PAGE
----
Predator-prey dynamics was modelled as early as the 1920s by Lotka (1925) and Volterra (1926). Population densities N1 and N2 of two competing prey and predator species are modelled on an evolutionary time scale by the famous Lotka-Volterra equations:

N1/∂t = N1(r1b1N2),

N2/∂t = N2(-r2b2N1).

In these equations, r1 is the rate of increase of the prey population when there are no predators present; r2 is the death rate of predators in the absence of prey; b1 denotes the rate at which the prey are eaten up by the predators; and b2 is the ability of the predators to catch the prey.

Intraspecific asymmetric arms races

Such arms races are difficult to analyse because the contestants (parents vs. offspring; males vs. females; queen ants vs. worker ants; etc.) belong to the same gene pool. Any advantage gained by either of the contestants goes to the same gene pool. It is an arms race between two branches of the same conditional strategy, rather than an arms race between two independent lineages with different gene pools. There are queen ants and there are worker ants in an antcolony; a similar situation prevails in a beehive. All female honeybees, including the queen bees, develop from larvae which are identical genetically. Those fed on ‘royal jelly’ become fertile queens, while the rest remain sterile workers. Something similar happens in ant colonies. The contest between queen and worker ants over relative parental investment is an example of arms race of this type.

 Suppose there is an ant colony in which there is only one queen, who is the mother of all members of the ant colony. What determines the male-female sex ratio in this population? One possible approach for answering this question is to use a game-theoretic model in which the contestants are genetically related (Maynard Smith 1978). The term haplodiploidy is used in biology for the way in which the sex of the progeny is determined by external factors like selective feeding or presence or absence of fertilization of eggs. In some social insects, for example, females develop from fertilized eggs, and males from unfertilized eggs. This ensures that sisters are more closely related to each other than to their own offspring, meaning that the best chance they can give their own genes of surviving is to look after each other, instead of laying eggs of their own. This ESS has evolved in Nature several times, and forms the basis of the stability enjoyed, for example, by beehives and termite mounds (Douglas 2005).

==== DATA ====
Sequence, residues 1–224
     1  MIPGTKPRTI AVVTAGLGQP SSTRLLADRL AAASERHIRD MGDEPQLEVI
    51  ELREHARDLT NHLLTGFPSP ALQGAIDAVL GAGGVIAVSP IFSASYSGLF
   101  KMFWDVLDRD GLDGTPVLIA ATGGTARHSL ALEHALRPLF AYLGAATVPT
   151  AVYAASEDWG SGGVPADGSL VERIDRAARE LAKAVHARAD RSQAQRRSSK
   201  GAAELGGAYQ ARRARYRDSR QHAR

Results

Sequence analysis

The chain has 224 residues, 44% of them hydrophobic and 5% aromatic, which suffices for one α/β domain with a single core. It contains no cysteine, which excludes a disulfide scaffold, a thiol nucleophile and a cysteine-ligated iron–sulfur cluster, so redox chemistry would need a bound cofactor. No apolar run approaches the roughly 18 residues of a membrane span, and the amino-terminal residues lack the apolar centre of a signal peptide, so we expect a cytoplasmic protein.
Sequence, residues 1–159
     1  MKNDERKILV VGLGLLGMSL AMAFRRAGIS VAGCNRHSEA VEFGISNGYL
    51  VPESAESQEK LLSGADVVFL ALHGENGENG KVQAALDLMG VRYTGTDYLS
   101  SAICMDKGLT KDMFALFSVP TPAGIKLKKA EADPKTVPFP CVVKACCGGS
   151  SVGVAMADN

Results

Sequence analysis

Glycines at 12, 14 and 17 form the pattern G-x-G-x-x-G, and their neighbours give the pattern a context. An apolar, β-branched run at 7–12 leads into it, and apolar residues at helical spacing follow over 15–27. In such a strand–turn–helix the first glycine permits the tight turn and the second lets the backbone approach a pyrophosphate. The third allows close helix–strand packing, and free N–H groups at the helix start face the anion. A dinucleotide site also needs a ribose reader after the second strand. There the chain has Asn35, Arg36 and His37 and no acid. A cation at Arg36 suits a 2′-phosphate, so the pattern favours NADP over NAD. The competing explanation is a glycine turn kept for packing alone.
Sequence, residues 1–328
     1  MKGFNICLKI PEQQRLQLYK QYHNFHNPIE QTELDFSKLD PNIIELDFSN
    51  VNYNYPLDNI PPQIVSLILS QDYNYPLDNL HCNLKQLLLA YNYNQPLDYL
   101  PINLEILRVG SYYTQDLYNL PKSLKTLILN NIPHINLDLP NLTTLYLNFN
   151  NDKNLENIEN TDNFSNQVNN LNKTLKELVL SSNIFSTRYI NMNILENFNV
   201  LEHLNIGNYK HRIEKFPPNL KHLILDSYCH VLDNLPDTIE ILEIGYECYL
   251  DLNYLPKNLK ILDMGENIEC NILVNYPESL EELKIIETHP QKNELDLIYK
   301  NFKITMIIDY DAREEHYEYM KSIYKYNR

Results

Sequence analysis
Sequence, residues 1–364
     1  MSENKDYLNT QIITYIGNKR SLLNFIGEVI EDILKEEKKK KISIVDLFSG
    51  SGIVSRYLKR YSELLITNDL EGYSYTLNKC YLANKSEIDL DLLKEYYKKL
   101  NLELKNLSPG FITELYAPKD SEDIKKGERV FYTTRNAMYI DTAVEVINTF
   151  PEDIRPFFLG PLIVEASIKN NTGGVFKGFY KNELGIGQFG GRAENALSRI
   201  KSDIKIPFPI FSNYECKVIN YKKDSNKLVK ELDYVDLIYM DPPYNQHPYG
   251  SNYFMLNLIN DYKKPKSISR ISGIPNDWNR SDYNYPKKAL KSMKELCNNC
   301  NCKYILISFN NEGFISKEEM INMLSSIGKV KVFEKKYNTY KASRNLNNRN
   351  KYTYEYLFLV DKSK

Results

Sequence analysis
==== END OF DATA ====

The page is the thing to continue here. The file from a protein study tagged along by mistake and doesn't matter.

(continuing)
Interspecific symmetric arms races

In a symmetric arms race, the two sides get better and better at doing the same thing. This type of arms race is unlikely to be important. The competitors in this category would rather diverge than escalate the completion. There may be, for example, evasion of competition by niche separation (Lawlor and Maynard Smith 1976).

Intraspecific symmetric arms races

Symmetric arms races are more likely to occur within the same species. They are essentially of a competitive nature, and are the stuff Darwinian evolution is made of. Adaptation to male-male competition within a species for females comes under this category of evolutionary arms races (Maynard Smith 1977). Even adaptation to being eaten up by predators is an arms race of this type, because individuals less competent at this task will gradually get eliminated by natural selection.

How do arms races end?

There are several scenarios:

1. One lineage may drive the other to extinction.

2. One lineage may reach an optimum, and thus prevent the other from doing so.

3. Both sides may reach a mutual local optimum (as in the flower-bee coevolution).

4. There may be no stable end, and the arms race may cycle continuously.


For a real-life demonstration of the Life-Dinner Principle in action, watch this video: